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Beryl Good donates ambulance – and ends up being rescued by it


“I had never been in an ambulance or broken a bone before donating Dobegoo”, Warkworth resident Beryl Good laughs.

It was only three months after the north Auckland couple, Beryl and Doug, donated the ambulance Dobegoo (their names combined) to St John, that Beryl had her first accident which required an ambulance.

Last year the Goods won a raffle from St John and decided to give back and donate a $180,000 ambulance.

In November the ambulance was blessed and put to use. On March 17, it picked up Beryl after she slipped on her freshly painted front door area and cut open her chin and broke her radius bone.

“I was very surprised and excited when I saw Dobegoo turn up to take me to North Shore Hospital. I was impressed with how the stretcher turned into a chair when we arrived at the hospital and how wonderful the young ladies were treating and driving me.”

This was Beryl’s first time she had ever been in an ambulance, or broken a bone at 71 years old.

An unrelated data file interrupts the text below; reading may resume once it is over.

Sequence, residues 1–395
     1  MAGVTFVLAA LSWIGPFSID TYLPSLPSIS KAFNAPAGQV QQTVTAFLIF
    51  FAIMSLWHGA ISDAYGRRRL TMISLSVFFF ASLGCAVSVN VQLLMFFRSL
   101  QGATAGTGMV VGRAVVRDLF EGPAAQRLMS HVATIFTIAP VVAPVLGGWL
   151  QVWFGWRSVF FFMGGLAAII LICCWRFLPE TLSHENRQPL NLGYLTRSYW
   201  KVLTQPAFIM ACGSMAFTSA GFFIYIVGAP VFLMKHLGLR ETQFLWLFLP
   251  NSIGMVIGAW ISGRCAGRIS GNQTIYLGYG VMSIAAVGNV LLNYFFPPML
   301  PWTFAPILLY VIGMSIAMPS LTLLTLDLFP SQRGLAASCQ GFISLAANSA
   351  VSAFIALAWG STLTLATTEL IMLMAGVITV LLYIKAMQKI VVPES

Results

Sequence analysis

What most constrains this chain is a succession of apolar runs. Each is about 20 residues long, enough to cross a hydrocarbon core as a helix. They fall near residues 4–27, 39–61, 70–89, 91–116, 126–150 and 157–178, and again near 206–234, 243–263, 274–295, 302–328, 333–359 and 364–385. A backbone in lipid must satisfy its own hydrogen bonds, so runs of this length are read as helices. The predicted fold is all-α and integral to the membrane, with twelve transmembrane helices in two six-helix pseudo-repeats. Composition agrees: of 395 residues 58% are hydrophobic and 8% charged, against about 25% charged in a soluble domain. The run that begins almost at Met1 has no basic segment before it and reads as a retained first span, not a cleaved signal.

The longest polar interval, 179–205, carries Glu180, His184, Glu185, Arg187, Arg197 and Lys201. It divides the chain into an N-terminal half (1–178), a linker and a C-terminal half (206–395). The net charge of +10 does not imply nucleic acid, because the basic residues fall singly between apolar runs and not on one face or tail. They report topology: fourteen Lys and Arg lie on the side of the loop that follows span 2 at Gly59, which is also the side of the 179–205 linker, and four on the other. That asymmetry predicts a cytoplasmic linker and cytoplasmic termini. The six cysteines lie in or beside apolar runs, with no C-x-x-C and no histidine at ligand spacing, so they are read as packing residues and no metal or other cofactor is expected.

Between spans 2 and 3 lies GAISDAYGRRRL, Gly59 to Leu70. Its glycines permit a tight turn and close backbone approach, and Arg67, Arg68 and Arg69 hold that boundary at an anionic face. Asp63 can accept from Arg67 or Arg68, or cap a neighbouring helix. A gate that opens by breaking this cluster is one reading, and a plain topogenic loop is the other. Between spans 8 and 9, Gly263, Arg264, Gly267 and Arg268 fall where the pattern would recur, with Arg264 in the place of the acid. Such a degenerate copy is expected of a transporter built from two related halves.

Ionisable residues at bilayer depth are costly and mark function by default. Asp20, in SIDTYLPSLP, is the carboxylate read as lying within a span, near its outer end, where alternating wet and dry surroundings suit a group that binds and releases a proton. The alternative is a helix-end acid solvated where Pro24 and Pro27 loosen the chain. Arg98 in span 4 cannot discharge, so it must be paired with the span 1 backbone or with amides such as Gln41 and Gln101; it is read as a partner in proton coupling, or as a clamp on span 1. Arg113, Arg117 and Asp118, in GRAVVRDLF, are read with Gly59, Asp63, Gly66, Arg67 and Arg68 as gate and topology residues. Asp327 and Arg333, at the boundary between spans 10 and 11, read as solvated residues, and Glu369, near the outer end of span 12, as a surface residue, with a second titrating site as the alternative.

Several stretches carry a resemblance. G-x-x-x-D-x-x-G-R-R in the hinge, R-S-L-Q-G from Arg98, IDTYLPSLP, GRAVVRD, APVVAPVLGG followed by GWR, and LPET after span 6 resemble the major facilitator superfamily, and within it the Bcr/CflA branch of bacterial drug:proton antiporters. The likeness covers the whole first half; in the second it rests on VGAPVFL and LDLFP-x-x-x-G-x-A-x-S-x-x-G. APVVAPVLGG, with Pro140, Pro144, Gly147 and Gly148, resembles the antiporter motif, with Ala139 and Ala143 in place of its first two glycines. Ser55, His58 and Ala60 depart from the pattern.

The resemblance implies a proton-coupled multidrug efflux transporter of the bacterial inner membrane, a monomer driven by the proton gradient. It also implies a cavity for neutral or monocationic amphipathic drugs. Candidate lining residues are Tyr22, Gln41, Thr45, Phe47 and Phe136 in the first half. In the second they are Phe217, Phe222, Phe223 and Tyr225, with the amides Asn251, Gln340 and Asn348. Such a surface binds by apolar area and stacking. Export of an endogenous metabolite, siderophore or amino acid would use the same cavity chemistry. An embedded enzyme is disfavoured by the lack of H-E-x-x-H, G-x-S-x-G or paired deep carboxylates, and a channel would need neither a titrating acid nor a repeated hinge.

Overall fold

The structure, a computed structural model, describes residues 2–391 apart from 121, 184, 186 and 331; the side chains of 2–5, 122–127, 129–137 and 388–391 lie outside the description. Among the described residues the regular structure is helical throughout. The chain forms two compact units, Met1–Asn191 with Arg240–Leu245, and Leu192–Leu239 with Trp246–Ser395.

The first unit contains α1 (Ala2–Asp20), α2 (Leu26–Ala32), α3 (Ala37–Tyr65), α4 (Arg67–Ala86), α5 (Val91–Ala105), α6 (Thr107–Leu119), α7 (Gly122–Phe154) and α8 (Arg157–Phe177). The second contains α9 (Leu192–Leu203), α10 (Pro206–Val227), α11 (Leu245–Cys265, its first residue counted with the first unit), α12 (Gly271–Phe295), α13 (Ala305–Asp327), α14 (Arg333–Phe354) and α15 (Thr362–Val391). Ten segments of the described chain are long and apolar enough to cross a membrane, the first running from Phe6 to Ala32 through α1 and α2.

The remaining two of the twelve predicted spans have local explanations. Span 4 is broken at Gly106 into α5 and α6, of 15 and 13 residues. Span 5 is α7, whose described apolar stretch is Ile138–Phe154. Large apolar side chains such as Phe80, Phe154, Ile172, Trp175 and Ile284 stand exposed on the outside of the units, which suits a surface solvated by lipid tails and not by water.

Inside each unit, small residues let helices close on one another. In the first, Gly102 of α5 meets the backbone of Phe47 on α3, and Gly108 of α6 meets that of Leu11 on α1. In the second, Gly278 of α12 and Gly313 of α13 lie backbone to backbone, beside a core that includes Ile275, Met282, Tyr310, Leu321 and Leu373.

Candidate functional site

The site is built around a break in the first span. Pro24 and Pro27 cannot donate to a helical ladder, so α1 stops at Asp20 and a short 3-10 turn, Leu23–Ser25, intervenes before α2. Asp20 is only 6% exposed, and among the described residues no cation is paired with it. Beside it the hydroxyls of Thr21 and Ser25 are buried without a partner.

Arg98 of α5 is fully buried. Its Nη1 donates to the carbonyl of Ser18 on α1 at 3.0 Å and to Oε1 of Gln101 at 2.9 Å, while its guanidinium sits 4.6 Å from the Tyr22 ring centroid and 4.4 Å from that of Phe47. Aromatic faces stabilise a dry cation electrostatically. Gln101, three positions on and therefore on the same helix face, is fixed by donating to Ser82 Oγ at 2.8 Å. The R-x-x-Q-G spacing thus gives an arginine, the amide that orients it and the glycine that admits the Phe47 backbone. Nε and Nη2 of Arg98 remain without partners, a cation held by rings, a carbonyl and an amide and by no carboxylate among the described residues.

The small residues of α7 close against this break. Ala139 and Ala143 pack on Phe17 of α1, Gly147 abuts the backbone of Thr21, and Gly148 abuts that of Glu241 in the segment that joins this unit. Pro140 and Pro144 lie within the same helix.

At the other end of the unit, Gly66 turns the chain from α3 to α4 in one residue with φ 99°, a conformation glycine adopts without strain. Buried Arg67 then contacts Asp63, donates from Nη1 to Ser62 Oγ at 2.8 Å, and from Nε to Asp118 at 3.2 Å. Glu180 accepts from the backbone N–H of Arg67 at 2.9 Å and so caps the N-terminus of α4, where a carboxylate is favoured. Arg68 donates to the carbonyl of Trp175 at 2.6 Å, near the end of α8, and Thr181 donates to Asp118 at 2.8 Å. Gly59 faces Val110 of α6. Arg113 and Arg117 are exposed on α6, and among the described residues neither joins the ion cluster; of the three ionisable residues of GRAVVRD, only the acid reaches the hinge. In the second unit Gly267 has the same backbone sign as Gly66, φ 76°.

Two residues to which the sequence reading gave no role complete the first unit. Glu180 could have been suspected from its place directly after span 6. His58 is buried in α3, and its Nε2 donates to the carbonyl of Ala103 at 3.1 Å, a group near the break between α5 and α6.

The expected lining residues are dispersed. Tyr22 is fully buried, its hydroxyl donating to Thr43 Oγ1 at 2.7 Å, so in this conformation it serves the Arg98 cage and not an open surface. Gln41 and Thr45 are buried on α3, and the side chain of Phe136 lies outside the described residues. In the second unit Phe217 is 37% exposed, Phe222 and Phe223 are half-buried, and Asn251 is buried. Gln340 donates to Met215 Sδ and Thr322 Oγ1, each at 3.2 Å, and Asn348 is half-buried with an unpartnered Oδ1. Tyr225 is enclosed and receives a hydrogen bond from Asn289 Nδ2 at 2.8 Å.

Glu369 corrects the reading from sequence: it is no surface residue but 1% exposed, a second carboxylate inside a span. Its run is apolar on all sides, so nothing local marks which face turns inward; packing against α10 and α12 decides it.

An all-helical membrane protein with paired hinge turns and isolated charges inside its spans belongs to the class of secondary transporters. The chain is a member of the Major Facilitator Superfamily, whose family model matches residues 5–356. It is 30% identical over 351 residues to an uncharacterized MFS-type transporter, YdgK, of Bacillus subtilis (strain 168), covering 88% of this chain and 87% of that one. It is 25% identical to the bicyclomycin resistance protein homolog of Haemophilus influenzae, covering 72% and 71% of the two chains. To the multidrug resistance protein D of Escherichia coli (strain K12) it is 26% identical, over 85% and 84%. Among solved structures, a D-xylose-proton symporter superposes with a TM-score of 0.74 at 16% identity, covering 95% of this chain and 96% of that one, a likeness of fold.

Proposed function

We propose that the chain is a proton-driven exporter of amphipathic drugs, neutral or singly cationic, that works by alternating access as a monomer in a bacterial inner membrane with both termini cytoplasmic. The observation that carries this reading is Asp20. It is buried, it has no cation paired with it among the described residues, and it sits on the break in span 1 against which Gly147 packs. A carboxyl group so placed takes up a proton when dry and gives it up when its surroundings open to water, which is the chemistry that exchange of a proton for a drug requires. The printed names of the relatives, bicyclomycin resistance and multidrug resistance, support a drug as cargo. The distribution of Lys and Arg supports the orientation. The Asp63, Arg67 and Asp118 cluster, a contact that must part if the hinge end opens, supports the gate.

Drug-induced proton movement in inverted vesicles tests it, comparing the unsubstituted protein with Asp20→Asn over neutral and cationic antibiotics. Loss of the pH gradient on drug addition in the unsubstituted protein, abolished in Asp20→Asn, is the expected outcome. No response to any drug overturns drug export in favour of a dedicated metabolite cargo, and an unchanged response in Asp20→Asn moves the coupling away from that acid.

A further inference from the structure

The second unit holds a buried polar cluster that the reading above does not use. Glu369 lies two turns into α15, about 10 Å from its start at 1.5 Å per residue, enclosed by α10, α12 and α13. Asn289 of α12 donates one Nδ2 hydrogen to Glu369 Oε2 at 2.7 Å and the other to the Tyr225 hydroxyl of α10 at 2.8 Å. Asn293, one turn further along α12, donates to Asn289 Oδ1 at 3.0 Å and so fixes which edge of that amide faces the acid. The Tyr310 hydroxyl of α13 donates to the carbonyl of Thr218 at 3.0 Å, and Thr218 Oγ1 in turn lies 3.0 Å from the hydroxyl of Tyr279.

“My husband (86) and I have never needed an ambulance but we always knew how important they were, especially with how fast our community is growing. It was a joke really when Dobegoo turned up,” she says.

“When I got picked up I was surprised it had already done 32,000km.”

Beryl says she had quite an adventure going for her first ride.

“I had always hoped I would never need to go in an ambulance, let alone the one we bought.

“Buying the ambulance has been worth a lot more than the cost, the pleasure we have had from people saying how it has helped them has been really rewarding. I met one lady who said she had been in Dobegoo five times.”

The Goods live by the station and say they hear how often the alarms go off which gave them the motivation to donate.

“I am thankful we have these services and I believe more people should donate to St John, they do a lot of hard work.”

Paramedic Phil Marlow says they were very grateful.

“The new ambulance is a little different from the previous ones, it is a lot smaller and has an electronic bed which helps us and saves our backs from lifting people into the ambulance.

“We currently are doing around 10,000km in Dobegoo a month.”

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